The Art of Asking Questions
This quarter’s newsletter from Versta Research focuses on the art of asking questions. We suggest that the importance of business questions far exceeds the importance of survey questions or focus group questions. You can’t do the latter without the former, at least not very well, and research that is not specifically designed to answer clearly articulated business questions usually falls flat.
Here are some great quotes we found to keep in mind as guiding principles:
A prudent question is one half of wisdom—Francis Bacon, 17th century philosopher and scientist
If you do not ask the right questions, you do not get the right answers—Edward Hodnett, 20th century poet and writer
The uncreative mind can spot wrong answers, but it takes a very creative mind to spot wrong questions—Sir Antony Jay, contemporary writer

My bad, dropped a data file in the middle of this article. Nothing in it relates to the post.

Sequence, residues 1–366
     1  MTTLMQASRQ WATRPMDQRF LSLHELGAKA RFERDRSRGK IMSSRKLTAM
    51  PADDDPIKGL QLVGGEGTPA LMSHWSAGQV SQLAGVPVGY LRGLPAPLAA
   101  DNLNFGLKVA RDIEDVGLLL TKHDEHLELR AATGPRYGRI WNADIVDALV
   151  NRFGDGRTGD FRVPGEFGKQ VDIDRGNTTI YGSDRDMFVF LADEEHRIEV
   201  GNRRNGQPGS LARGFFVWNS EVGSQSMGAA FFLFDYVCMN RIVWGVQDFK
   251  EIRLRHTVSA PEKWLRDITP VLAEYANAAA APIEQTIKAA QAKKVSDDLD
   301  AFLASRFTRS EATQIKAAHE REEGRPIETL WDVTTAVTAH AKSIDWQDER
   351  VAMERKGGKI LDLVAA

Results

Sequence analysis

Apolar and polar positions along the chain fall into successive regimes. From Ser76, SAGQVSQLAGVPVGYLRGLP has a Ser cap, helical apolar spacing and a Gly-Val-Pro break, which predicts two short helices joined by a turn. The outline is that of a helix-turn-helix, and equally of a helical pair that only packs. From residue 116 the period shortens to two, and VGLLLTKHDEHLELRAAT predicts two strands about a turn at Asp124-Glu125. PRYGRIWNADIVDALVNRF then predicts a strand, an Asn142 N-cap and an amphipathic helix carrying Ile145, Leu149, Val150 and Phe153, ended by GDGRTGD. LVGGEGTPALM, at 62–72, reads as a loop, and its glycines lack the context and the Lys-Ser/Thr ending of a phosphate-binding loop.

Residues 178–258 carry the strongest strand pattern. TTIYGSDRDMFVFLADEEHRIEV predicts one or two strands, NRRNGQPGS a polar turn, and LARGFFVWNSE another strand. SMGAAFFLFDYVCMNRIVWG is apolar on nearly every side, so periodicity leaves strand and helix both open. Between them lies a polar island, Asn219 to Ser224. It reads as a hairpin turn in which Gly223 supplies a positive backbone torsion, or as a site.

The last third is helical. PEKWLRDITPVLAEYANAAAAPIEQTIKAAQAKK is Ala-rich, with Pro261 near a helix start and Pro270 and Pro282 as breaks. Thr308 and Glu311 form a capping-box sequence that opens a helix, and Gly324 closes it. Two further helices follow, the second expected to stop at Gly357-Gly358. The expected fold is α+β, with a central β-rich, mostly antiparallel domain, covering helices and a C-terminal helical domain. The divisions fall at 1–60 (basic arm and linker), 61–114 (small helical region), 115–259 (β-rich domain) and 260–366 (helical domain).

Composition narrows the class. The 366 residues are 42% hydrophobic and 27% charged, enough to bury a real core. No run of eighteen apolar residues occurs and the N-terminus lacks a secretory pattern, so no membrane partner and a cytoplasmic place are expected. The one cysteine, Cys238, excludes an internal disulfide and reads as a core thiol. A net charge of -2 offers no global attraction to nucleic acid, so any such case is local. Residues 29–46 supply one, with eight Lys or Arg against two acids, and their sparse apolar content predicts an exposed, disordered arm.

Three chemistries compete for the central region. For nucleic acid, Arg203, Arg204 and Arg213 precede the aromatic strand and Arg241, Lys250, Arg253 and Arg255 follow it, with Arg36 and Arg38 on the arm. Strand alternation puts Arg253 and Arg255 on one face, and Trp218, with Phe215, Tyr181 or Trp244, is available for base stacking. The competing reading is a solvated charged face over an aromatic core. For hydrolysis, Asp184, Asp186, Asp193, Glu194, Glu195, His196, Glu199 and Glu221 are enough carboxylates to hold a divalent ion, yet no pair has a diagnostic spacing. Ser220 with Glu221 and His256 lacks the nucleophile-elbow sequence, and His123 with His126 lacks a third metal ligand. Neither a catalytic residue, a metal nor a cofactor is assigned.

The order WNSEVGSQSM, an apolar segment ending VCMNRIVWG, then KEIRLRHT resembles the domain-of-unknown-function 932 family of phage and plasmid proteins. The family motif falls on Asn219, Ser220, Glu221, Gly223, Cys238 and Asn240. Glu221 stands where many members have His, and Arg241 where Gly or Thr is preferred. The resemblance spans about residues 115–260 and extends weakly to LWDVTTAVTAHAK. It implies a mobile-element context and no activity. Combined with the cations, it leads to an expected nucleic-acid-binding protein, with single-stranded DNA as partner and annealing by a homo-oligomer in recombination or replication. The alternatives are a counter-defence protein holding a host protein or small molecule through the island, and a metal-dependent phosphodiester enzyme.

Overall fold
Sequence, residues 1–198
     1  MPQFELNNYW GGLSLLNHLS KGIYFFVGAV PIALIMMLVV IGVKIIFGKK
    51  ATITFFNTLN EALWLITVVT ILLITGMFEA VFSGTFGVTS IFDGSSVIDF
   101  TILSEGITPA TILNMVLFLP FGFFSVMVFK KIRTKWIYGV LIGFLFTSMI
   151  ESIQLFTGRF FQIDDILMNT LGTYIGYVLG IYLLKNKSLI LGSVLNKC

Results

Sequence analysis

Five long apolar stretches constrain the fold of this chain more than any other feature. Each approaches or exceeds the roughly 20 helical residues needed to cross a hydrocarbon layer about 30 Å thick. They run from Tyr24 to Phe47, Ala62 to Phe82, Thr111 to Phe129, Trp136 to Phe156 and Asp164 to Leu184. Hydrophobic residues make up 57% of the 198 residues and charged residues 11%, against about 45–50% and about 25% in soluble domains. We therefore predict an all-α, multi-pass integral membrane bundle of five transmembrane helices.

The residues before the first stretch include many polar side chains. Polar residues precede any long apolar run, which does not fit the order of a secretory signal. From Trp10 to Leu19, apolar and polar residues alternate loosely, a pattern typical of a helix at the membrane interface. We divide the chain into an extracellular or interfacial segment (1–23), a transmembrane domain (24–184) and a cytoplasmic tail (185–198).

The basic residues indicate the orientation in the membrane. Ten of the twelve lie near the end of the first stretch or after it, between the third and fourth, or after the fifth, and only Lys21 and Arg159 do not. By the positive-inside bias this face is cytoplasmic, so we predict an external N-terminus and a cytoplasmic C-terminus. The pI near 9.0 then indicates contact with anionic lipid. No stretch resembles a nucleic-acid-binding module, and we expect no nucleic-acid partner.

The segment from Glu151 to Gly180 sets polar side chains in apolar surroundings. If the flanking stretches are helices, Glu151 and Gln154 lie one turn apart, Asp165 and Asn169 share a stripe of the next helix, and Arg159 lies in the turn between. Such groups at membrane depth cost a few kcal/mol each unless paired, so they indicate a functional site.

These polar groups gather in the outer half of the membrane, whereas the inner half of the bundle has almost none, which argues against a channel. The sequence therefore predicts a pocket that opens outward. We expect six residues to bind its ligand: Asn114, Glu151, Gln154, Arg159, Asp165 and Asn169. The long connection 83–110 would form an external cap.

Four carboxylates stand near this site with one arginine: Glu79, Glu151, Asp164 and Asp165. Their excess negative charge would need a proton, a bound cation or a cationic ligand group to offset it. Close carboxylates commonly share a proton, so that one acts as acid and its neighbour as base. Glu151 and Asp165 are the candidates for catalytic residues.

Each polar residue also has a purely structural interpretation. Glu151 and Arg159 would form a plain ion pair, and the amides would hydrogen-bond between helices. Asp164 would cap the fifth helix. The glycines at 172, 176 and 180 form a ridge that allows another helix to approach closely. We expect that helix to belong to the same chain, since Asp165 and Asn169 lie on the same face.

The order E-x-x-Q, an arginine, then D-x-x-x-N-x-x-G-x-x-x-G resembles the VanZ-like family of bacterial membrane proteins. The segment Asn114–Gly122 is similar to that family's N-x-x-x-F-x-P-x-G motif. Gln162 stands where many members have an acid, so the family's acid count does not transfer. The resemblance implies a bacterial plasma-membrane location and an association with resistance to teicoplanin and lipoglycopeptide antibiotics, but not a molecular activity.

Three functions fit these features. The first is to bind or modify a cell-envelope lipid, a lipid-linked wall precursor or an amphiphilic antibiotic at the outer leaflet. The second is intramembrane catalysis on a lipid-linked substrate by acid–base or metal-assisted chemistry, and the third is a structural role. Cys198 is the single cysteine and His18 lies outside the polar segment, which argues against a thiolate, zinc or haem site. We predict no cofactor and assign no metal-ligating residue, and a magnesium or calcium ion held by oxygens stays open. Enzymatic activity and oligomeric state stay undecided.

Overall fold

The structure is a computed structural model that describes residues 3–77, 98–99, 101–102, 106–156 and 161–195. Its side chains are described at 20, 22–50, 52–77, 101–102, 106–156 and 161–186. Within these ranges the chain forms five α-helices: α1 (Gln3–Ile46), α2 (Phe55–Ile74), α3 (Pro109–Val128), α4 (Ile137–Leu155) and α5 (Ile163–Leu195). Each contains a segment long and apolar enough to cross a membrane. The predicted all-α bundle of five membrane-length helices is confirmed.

Successful people ask better questions, and as a result, they get better answers—Anthony Robbins, contemporary self-help author and motivational speaker
As noted in the newsletter, one of the best ways to truly add value to the research that you do is to listen carefully to your internal clients and formulate the right questions. Research is all about answering questions, which is, of course, all about asking questions. Building fancy statistical models is fun and brainy and definitely worth bragging about at your next party, but few people in your organization care much about models. They care about what answers those statistics provide to the fundamental business questions that keep them up at night.
Any questions? Give us a call. Struggling to find your questions? Take a look at our March 2010 Newsletter. We are happy to help you find them.
—Joe Hopper, Ph.D.